I found this article in the BMJ, which I thought was vaguely useful. http://www.bmj.com/highwire/section-pdf/9102/10/1
It’s also made me think a bit more about the practice sessions that I had in the run up to the disaster exam, and the the lovely exam. Basically, the point of doing clinical practice sessions is to get feedback from other people! Otherwise, you might as well just be at work*.
So, here are my tips on giving/receiving feedback, preferably without turning into a speechless, gibbering wreck (ok, that might just be me…)
1. Do it.
This is practice for the exam. It’s not an exercise in sycophancy. It’s not much good if you’ve spent 7 minutes examining someone’s nervous system, only to be told that “that was fine”.
2. Constructive criticism
It’s supposed to be constructive: so instead of just saying how not to do something, suggest an alternative.
3. Be specific
(See the “that was fine” comment above: what was fine???)
Instead of saying that someone has a good rapport with their patient, think about how they’ve achieved that. This is for two reasons: 1. it’s more useful for the person who’s just put themselves through the trauma of being watched by 6 of their colleagues, 2. it’s more useful for you to think about what you can learn from each other. Which leads me onto my next point…
4. Use the group!
I (very personal view here) don’t think this should be an individual vs. the group scenario. I think it’s really useful if an individual’s examination is used as a starting point by the group for further discussion and suggestions. Time is limited: think about your own CVS examination; what do you do differently and why; discuss it. Use the expertise that you have = each other. Much more useful than a textbook; usually easier to understand; and definitely easier to find the right information quickly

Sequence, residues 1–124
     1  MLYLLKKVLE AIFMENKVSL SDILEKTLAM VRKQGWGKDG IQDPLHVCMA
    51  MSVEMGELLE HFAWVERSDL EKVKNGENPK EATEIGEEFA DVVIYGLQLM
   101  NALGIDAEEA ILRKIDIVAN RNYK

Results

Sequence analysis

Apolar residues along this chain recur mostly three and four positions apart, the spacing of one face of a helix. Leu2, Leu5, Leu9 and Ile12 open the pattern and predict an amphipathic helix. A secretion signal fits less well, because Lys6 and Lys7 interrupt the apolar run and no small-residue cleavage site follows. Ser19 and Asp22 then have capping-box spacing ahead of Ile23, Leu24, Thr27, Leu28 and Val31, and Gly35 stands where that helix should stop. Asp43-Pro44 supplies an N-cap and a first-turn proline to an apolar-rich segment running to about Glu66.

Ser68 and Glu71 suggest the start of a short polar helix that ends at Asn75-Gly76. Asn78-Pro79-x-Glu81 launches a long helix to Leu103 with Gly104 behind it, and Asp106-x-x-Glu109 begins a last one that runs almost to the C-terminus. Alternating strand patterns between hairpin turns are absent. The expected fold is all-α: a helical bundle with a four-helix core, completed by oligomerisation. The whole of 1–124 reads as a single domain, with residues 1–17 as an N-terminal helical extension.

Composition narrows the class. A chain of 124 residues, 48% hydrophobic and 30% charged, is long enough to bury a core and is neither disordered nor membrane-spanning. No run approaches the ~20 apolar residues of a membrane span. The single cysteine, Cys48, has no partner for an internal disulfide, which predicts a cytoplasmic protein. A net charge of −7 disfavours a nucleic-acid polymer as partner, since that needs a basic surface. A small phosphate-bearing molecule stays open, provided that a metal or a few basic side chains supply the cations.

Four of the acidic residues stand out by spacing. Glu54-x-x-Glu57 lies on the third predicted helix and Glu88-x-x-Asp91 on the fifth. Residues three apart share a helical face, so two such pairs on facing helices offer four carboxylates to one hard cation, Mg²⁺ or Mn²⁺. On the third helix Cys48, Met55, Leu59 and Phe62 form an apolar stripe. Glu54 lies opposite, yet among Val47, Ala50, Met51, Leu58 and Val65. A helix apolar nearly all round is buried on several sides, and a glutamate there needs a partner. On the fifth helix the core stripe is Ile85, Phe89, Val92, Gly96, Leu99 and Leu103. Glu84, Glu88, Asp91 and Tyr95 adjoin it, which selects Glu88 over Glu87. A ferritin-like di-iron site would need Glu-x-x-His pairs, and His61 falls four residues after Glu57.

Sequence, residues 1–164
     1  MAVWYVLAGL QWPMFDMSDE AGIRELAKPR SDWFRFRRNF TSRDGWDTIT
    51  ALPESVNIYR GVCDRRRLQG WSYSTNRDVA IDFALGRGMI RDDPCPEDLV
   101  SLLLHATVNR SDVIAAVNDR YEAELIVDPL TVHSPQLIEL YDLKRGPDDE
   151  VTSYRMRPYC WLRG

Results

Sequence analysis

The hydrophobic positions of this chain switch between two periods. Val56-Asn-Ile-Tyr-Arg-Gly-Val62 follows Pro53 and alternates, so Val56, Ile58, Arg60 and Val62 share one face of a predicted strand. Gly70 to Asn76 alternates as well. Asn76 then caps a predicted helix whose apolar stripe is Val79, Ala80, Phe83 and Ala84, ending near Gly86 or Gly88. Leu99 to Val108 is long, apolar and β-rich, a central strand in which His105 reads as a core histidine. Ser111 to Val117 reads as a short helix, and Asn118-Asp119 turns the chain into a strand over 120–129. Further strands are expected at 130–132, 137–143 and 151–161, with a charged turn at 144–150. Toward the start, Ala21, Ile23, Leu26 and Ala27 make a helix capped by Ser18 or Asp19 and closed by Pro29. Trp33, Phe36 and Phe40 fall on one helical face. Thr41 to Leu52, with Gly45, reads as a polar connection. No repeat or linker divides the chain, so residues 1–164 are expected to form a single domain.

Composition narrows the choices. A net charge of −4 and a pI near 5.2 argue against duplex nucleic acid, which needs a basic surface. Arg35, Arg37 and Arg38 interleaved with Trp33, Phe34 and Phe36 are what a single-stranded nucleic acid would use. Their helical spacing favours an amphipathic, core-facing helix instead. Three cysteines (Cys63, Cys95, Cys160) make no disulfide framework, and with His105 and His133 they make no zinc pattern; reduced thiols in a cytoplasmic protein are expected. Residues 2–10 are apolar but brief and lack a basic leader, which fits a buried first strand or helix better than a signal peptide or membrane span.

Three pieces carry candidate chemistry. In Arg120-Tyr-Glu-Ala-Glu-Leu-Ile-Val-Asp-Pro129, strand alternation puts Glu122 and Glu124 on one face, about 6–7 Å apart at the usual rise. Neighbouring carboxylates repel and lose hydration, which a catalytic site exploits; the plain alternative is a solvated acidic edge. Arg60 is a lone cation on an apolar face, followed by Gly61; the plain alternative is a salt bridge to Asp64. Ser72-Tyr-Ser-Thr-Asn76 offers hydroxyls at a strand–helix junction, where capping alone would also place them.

1. Listen to the feedback
It’s not personal. It’s not about what someone thinks of you as a doctor (I have to keep telling myself this). It’s not about your ability to lead a crash call, or make a diagnosis, or talk to your patient. It’s about demonstrating that in the exam.
2. Decide what’s important
Listen to the feedback, but you don’t have to let it change your practice. Everyone has a different style and way of doing things. (One of the criticisms I had in the “good” exam was my technique for examining ankle reflexes: it was how I’d been shown on a clinical course by a neurologist. You can’t please everyone all of the time 🙂 )
3. Don’t dismiss it: take some time
I find the whole thing of having someone else watch me really, really upsetting. I hate it. Generally, I am in no fit state to listen to anyone else once I’ve finished. Go away. Have a coffee/glass of wine/gin/box of chocolates. Watch a silly film/Scrubs/Cardiac Arrest (if you’re feeling really grim). Then think about what the feedback was again. You might still think it was completely wrong. Repeat the Scrubs/gin/chocolate again, and think about it again after a week. It might make more sense.
Basically, the feedback is more important than the practice. You work a 48 hour week; you practice all the time. Thinking and reflecting about your practice (see, the management speak is taking over my blog!) is what makes the difference.
At some point, I will share my personal disasters from the exam/practice sessions.
The disaster exam was almost two years ago… I still can’t quite face thinking about it!
*you can revise/practice at work as well. It’s just not as predictable – might write about that later on